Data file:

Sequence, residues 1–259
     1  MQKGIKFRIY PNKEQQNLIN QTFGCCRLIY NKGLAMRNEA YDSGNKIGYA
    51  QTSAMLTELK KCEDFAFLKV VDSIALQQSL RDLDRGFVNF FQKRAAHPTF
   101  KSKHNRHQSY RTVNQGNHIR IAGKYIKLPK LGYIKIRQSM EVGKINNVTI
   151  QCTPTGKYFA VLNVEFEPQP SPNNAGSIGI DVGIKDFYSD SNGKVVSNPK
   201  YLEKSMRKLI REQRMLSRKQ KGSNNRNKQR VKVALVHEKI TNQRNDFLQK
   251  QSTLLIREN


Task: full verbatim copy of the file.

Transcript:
Sequence, residues 1–259
     1  MQKGIKFRIY PNKEQQNLIN QTFGCCRLIY NKGLAMRNEA YDSGNKIGYA
    51  QTSAMLTELK KCEDFAFLKV VDSIALQQSL RDLDRGFVNF FQKRAAHPTF
   101  KSKHNRHQSY RTVNQGNHIR IAGKYIKLPK LGYIKIRQSM EVGKINNVTI
   151  QCTPTGKYFA VLNVEFEPQP SPNNAGSIGI DVGIKDFYSD SNGKVVSNPK
   201  YLEKSMRKLI REQRMLSRKQ KGSNNRNKQR VKVALVHEKI TNQRNDFLQK
   251  QSTLLIREN